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Managing Planned Maintenance Contracts with Telematics Systems

  • Published Fri Jan 13, 2017

One of the best ways to ensure overall health, productivity and reliability of a machine—either new or used—throughout the course of its lifetime is through investing in a planned maintenance contract.

These contracts allow an equipment owner to opt for agreed-to servicing with manufacturer-approved parts, fluids and components, at agreed-to intervals. A planned maintenance contract also provides peace of mind for the owner and/or fleet manager—it’s simply one less thing to worry about.

Equipment owners want to protect their investments, minimize total cost of ownership and make sure that they are getting all they can out of a machine. Proper servicing at regular intervals—particularly when a machine is brand new—improves its life expectancy, and ensures that a machine is going to perform reliably throughout the course of its lifetime.

Planned maintenance contracts also improve the resale value of a machine. Knowing that a machine has been properly serviced provides better assurance to a second owner that the machine will run reliably, and increases the likelihood of resale.

In addition to regular service and repairs, a planned maintenance contract also ensures that a machine is being thoroughly inspected more often. A qualified technician will visit a machine with a critical eye, looking for wear, rust, oil where it shouldn’t be, etc. They will also regularly examine cutting edges, bucket teeth, undercarriage components, lights, windshield wipers and all other wear items —this extra attention often helps to diagnose other issues and prevent further unscheduled downtime.

Telematics and planned maintenance

Contractors can improve production, effectively manage planned maintenance and protect their equipment investments through the utilization of telematics. These advanced monitoring systems offer unprecedented data on how machines are being utilized in the field—idle time, fuel consumption, operating conditions, maintenance milestone alerts—can all be monitored in real-time, ensuring that a machine is being utilized to its maximum earning potential.

One of the simplest ways that telematics can be used right out of the gate is to help manage maintenance intervals and scheduling. Eliminating the need for outdated whiteboards and logbooks, telematics data can show contractors and fleet managers where machines are in their maintenance schedule and how many hours are on the engine with up-to-the-minute accuracy. It also allows fleet managers to organize maintenance items around the machine’s operating schedule to eliminate unnecessary downtime.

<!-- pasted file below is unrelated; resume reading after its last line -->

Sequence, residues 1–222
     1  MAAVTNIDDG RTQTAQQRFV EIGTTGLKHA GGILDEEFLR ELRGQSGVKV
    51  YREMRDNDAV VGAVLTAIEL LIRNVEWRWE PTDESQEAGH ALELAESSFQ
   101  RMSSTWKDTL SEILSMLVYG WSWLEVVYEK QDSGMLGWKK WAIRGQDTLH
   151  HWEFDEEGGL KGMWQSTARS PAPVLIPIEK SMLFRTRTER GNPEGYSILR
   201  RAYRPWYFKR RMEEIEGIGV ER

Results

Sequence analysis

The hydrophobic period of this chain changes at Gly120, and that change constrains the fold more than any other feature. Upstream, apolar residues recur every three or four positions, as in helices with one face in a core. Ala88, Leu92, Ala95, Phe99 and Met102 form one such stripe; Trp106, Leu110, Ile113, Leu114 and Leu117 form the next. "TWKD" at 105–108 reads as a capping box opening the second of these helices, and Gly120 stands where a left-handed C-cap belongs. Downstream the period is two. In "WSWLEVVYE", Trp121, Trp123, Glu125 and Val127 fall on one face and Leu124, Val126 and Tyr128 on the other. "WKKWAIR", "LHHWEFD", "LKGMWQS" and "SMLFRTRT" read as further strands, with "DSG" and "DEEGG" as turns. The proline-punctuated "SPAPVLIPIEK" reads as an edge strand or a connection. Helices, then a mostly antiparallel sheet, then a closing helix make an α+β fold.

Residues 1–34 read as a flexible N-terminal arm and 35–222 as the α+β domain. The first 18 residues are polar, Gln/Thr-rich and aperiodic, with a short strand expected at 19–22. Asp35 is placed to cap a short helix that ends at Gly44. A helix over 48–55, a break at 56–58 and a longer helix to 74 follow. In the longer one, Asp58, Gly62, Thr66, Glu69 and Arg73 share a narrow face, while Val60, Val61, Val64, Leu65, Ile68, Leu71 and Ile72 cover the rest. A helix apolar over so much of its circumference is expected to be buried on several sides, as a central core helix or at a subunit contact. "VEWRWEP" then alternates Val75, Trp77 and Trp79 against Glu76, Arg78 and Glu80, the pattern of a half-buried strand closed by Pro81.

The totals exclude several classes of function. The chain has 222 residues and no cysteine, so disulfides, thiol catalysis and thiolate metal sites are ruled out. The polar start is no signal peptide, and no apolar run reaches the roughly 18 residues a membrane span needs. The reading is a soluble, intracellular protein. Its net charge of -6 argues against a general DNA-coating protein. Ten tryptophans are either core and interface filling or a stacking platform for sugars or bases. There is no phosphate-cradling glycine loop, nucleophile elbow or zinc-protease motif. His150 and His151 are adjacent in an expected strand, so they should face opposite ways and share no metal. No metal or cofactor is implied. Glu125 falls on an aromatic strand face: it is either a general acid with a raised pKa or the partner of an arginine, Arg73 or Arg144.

Alerts, warnings and detailed history

Telematics systems are capable of sending alerts when a machine approaches a maintenance milestone, or is operating outside of an acceptable parameter. It can also provide fleet managers and service personnel with a detailed history of faults, alarms, warnings, engine rpms and operating conditions, which help diagnose issues before they cause equipment failure and unplanned downtime. As an example, if a machine is equipped with a DPF system and a report shows a high amount of idle time, a technician will know to take a closer look at certain components, as the excessive heat from manual regen can cause hidden damage to the engine.

By knowing exactly when a machine needs to be serviced, it can also prevent fleet managers from unnecessarily pulling a machine from a busy jobsite, potentially offsetting the value of maintenance by what is lost in valuable production time. It also allows for service personnel to better plan for maintenance activities and ensures that all of the proper parts, filters and components are in stock because they know right when that machine will need to be serviced.

Maintenance notifications

Setting up maintenance notifications through telematics is simple—fleet managers are able to designate maintenance milestones, set up thresholds and reminders (50 hours, 100 hours before service, etc.), and to whom the notifications are sent. Some choose to have the notifications sent to both the owner/fleet manager as well as the service manager, so that both parties can then coordinate service times. The ability to designate notification thresholds is important, because a machine in a high-production environment may need more advanced notice in order to effectively schedule downtime for maintenance. Equipment owners can also set up regular utilization reports that cover engine hours, fuel consumption, engine rpms, etc. – these regular reports allow fleet managers and service personnel to analyze trends which can offer additional insight in regards to maintenance procedures.